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Deprescribing in end-of-life care

02 October 2019
Volume 24 · Issue 10


The aim of deprescribing in end-of-life care is to improve the patient's quality of life by reducing their drug burden. It is essential to engage the patients and enable them to make choices about medications by discussing their preferences and implement a pharmacy management plan. Withdrawing medications during the end stages of life is extremely complex because the period of care varies substantially. The aim of this article is to address polypharmacy within end-of-life care. It will review which medications should be stopped by examining the non-essential and essential drugs. The intention is to encourage an approach to care which provides an equal balance between treatment and patient expectation.

Deprescribing is a process of removing potentially inappropriate or unnecessary medications (Reeve et al, 2017). Non-adherence, lack of efficacy, actual or potential adverse drug reactions, the development of a contraindication, request from a patient and end of life are all reasons for discontinuing drugs (Reeve et al, 2013).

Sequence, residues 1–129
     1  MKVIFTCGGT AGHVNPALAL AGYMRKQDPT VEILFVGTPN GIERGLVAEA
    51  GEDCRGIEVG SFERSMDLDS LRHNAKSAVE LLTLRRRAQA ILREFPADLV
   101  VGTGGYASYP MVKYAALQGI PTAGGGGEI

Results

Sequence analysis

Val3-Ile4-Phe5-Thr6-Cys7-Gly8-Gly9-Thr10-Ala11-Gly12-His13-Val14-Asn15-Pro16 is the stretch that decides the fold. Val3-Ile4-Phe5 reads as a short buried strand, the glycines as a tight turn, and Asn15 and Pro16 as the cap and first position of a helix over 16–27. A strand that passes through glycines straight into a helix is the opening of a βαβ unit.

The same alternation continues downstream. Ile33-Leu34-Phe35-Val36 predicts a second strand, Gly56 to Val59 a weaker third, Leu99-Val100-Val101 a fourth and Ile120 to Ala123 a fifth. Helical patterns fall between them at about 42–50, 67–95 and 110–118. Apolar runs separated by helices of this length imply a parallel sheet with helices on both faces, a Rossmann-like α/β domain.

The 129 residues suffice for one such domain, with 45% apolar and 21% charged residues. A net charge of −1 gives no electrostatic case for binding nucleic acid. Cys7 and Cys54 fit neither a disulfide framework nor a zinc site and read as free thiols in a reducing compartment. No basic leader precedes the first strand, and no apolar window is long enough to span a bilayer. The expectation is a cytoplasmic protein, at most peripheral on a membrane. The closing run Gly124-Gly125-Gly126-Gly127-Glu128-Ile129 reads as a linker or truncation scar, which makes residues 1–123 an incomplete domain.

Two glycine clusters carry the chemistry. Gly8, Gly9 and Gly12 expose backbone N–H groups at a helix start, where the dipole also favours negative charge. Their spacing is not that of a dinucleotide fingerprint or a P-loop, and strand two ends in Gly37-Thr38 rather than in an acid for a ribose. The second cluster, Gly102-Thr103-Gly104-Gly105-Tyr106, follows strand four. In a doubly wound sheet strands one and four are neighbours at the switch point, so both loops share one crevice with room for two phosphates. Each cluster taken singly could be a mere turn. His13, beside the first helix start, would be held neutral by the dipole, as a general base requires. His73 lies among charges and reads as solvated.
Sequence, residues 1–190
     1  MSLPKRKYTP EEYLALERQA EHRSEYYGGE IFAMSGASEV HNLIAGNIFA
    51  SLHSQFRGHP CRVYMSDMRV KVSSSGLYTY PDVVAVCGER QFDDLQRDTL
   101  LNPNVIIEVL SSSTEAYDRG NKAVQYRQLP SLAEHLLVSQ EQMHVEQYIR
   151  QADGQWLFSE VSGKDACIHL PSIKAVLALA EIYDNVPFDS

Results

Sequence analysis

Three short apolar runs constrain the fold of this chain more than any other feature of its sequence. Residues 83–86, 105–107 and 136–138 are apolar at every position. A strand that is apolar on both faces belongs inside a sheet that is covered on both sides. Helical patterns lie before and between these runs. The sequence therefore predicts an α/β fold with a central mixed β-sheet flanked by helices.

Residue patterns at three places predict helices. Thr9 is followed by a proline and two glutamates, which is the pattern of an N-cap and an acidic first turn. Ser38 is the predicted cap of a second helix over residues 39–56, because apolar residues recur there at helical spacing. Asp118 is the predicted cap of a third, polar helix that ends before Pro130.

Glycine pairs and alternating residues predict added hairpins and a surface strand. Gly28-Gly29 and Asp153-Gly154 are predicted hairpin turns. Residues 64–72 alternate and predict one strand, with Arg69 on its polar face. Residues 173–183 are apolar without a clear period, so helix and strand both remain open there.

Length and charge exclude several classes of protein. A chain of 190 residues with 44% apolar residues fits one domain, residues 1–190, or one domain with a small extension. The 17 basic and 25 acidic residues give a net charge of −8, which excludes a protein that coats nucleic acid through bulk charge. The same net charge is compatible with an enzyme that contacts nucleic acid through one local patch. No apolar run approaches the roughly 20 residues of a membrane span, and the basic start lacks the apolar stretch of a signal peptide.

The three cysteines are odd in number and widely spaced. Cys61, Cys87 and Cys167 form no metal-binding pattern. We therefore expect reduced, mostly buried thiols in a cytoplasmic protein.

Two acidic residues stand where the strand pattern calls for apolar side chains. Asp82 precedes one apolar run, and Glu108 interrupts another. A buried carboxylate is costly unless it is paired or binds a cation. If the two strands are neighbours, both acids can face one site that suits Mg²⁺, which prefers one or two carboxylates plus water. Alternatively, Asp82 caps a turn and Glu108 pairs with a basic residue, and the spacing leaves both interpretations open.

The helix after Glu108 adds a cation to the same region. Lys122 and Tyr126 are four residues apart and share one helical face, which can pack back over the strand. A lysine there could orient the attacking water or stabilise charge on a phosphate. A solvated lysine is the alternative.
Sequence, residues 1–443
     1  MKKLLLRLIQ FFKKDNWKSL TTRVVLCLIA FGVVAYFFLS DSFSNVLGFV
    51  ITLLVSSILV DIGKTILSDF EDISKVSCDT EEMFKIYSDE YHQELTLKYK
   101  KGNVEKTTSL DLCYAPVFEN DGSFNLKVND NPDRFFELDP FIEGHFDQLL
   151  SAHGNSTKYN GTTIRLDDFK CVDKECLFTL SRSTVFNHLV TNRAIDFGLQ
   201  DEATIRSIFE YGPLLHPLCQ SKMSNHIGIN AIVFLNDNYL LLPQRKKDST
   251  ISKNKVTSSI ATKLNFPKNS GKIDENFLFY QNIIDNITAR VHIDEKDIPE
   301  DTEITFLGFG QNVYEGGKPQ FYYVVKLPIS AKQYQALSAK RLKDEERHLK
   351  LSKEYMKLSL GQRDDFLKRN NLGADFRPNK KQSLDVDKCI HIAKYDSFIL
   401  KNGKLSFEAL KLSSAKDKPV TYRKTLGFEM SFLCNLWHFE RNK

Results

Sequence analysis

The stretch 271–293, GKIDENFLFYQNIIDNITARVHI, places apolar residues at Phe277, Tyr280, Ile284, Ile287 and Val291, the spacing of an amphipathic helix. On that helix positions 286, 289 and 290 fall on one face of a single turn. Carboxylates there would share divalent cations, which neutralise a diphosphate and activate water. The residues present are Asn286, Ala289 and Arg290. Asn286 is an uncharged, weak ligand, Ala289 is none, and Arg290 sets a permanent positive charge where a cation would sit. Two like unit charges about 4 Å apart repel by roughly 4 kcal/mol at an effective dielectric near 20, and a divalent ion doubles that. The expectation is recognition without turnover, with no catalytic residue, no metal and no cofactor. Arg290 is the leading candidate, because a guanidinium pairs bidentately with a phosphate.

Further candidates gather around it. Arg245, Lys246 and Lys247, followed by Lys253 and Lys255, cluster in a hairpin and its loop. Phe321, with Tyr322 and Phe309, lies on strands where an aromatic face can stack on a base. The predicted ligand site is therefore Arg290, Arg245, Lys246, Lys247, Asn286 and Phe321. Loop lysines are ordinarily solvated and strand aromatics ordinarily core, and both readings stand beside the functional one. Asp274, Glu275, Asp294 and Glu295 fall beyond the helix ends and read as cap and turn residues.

For non-medical prescribers (NMPs), it is important to consider deprescribing within all elements of their practice in an attempt to reduce pill burden and the subsequent ramifications of polypharmacy, with the aim of improving patient outcomes and care. Withdrawing medications during the end stages of life is extremely complex because the period of care varies substantially. Withdrawing too soon may be perceived as negligent and causing potential harm; too late, would result in unnecessary treatment and subjecting the patient to the unnecessary stress of taking the medication (Duerdon et al, 2013). In palliative care, the median number of days of deprescribing any medication was found to be 4 days before death (Dore et al, 2019). The study broke it down further and found that 15% of medications were stopped due to swallowing difficulties, 17% due to rationalising medications and 56% due to approaching end of life. McNeil et al (2016) demonstrated that patients enrolled in their study took an average of 11.5 medications when joining the study and 10.7 at death or study termination.

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